We just returned from the last of this season’s concert offerings by the Santa Cruz Foundation for the Performing Arts. It was a program of flamenco guitar, song and dance by a trio of true artists, the Chris Burton Jacome Ensemble. I do not exaggerate when I call this a world class act. For nearly two hours, they performed with consummate skill and massive energy. It was beautiful, graceful and emotional. Even with the jack-hammering of heels on wood, it was clear that it was more than just folk dancing. It is a language with profound historic roots – one that communicates a sensual and deeply personal passion.
With the concert season at an end, I realize that I will miss these Sunday afternoon events, held for the most part in private homes and historic venues that have graciously accommodated us though not built for the express purpose of live musical performance. But I must acknowledge that it has really been one person who has created and nurtured a dream for this small county (Santa Cruz is Arizona’s smallest) to experience the same level of artistic performance that one might find in any big city.
Christina Wilhelm has not lived here all her life. She is the talented product of fine music schools and universities in the northeast, where she would not have to look very far to find programs that nurture young artists or bring innovative performances to eager audiences in the community. But after being transplanted to southeast Arizona from Boston, New York and Maine, she looked around and saw no sign of local (meaning closer than Tucson) top-quality music venues that could attract top-quality performers. And she could not imagine surviving here without great music!
She could have wondered why, but instead she asked herself “why not?” Christina has set the stage for an explosion of cultural opportunities in and around Santa Cruz County because she and husband, Fred, are dedicated to the creation of a state-of-the-art recital hall, that will be a crown jewel in this part of the state – a destination for tourists who will discover, along with our wonderful wineries, that there is something unique and engaging in this little-known, but beautiful, piece of Arizona.
In this tough economy, some would say it is a terrible time to be launching an ambitious fund raising campaign to build a recital hall. Painful budget realities are the rule rather than the exception in both governmental and personal finance. Yet, I suggest that we have never needed the arts more than we do in this rather grim time in America. If we treat live performance of music and theatre as incidental luxuries in our society, we risk a culture for whom music is defined by rappers who rise to fame overnight and disappear just as quickly, and “live” performance means going viral on YouTube!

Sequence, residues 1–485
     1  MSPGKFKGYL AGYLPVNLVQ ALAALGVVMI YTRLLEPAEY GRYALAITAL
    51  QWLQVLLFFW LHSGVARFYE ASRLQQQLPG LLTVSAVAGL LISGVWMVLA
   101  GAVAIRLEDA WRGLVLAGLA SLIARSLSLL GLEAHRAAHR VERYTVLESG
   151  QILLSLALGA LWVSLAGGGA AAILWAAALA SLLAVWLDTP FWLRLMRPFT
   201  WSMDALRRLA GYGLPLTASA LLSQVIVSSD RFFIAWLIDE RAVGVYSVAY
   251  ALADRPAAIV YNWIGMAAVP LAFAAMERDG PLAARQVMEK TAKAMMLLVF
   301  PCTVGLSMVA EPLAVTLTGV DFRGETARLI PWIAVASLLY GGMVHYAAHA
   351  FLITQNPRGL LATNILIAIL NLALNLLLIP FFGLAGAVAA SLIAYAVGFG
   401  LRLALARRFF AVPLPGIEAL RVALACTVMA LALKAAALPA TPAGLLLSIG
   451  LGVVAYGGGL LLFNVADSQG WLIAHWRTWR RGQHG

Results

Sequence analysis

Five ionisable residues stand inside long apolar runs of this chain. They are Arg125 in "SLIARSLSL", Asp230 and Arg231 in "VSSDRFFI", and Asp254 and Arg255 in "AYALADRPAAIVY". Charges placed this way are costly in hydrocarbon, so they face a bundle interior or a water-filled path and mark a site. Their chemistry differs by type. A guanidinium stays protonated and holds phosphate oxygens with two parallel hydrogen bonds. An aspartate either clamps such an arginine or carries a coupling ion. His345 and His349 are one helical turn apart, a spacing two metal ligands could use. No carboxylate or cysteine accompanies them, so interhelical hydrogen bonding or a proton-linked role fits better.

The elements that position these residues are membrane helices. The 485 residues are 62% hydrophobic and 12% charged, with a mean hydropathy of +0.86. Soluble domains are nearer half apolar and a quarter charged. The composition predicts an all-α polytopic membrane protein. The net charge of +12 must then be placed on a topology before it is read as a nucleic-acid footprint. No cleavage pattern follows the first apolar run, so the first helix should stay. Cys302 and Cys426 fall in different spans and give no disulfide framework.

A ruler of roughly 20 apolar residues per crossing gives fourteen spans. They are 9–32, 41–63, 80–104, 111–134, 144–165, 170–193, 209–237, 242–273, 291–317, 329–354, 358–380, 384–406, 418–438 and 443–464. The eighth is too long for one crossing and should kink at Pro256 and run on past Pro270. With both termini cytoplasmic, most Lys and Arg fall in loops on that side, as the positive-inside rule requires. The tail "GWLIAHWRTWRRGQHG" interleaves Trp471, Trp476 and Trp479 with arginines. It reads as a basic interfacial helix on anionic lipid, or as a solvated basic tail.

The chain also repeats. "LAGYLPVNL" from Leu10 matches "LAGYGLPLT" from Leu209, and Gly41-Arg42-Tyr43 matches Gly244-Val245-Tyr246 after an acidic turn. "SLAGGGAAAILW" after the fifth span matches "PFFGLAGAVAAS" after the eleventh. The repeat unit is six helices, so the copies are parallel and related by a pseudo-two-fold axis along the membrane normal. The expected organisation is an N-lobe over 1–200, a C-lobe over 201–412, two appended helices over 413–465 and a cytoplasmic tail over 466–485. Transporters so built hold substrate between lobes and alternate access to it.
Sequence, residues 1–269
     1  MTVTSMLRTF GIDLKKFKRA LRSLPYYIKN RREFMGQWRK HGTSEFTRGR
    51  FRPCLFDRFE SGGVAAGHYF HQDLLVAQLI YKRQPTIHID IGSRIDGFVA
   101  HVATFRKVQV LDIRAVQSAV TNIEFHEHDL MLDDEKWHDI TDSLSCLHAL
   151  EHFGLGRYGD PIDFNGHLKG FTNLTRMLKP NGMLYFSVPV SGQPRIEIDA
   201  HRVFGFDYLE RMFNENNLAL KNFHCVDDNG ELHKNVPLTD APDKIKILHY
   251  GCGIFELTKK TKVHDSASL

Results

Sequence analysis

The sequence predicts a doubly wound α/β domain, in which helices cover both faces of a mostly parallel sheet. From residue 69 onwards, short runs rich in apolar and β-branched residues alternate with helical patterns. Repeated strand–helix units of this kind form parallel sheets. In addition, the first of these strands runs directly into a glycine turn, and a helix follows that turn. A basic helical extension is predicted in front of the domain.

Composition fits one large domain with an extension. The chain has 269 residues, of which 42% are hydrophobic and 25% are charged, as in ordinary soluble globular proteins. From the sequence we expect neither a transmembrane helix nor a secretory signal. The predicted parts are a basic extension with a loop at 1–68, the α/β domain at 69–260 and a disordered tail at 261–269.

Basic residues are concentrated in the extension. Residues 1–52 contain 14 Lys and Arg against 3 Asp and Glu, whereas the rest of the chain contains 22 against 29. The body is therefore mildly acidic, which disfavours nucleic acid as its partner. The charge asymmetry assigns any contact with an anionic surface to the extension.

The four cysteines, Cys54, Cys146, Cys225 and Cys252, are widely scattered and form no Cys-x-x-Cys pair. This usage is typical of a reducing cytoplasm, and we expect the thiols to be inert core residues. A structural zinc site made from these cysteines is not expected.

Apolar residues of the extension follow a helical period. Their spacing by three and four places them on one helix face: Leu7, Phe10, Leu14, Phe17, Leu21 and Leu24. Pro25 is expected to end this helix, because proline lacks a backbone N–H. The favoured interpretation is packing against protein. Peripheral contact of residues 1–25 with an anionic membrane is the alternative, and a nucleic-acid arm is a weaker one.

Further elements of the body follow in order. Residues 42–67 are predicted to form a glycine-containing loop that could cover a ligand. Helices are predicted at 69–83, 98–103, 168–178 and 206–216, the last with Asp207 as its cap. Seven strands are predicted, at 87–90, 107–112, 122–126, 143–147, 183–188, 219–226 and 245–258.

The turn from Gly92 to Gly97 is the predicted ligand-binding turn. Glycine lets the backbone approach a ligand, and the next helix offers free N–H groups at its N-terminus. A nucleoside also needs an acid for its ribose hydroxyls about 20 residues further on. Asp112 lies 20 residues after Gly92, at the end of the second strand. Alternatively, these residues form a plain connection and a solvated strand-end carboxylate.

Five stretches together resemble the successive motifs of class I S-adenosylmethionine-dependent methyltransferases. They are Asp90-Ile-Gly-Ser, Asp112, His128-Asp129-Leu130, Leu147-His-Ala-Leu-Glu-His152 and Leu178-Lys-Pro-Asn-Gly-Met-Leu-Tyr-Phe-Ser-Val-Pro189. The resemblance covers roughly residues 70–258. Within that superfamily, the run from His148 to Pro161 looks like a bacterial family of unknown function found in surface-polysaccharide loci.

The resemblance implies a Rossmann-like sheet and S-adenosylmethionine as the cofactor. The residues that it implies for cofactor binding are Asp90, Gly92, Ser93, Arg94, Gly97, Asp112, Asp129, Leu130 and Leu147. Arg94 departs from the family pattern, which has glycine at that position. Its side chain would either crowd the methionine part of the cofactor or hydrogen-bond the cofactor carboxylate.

Christina, at a time in life when most people are content to be spectators, has taken on a huge challenge and is risking everything to build an audience for the performing arts in a small, rural community. Though it is largely “off the beaten path” (and we do like it that way!) the attendance at the Foundation’s concerts shows that there are many music patrons in the area, and it is time to step up! The architect’s drawings are complete. We have the land, graciously donated, and a generous bequest from a caring benefactor. There are so many ways to help. If you would like to leave an enduring legacy that bears your name, you can “adopt” a portion of the hall. If you have influence in corporate America, suggest that a philanthropic gift would be an outstanding act of citizenship. If you can offer even a modest financial assist, please do so. The Wilhelms can offer many more ideas on how you can help take this building from a dream to a reality, and they will go anywhere (just about!) to discuss this project.
Most of my family and friends live in or near large metropolitan areas. I rarely envy them, except when I think of the myriad of art and music venues that they have within a few minutes of home. On almost any day, if they choose, there is a marvelous concert, theatre production or dance event available. I envision a time when, in this small corner of Arizona, we can point with pride to the increased economic health of our local merchants, the broad musical education available to our young people, and the visitors who flock to this beautiful area to enjoy the same quality of entertainment that they might find in the heart of a great metropolis.